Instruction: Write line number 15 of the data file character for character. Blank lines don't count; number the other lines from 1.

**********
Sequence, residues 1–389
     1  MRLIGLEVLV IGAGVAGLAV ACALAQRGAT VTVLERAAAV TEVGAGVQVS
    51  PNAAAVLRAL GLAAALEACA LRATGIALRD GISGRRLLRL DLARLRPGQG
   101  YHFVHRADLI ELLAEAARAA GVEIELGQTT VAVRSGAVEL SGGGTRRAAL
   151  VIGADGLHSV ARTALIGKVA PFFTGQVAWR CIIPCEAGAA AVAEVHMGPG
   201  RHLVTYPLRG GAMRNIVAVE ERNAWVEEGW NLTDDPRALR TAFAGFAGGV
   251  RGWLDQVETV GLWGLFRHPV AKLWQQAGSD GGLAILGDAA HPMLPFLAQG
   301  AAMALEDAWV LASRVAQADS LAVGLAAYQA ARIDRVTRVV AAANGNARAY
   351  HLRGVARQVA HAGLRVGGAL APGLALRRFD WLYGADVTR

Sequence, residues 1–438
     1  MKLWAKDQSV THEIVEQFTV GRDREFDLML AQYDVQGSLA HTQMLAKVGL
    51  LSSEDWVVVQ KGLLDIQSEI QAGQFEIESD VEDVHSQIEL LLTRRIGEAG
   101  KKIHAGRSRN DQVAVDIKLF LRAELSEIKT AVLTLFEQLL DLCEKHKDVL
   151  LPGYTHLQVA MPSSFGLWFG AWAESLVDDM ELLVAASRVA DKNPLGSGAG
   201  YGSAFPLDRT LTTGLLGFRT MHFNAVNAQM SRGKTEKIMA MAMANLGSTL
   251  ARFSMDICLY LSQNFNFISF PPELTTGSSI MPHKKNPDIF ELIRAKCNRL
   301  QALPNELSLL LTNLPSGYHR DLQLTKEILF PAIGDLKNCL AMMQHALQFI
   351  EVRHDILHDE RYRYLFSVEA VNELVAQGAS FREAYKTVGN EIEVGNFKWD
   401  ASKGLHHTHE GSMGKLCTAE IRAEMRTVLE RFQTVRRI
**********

   201  YGSAFPLDRT LTTGLLGFRT MHFNAVNAQM SRGKTEKIMA MAMANLGSTL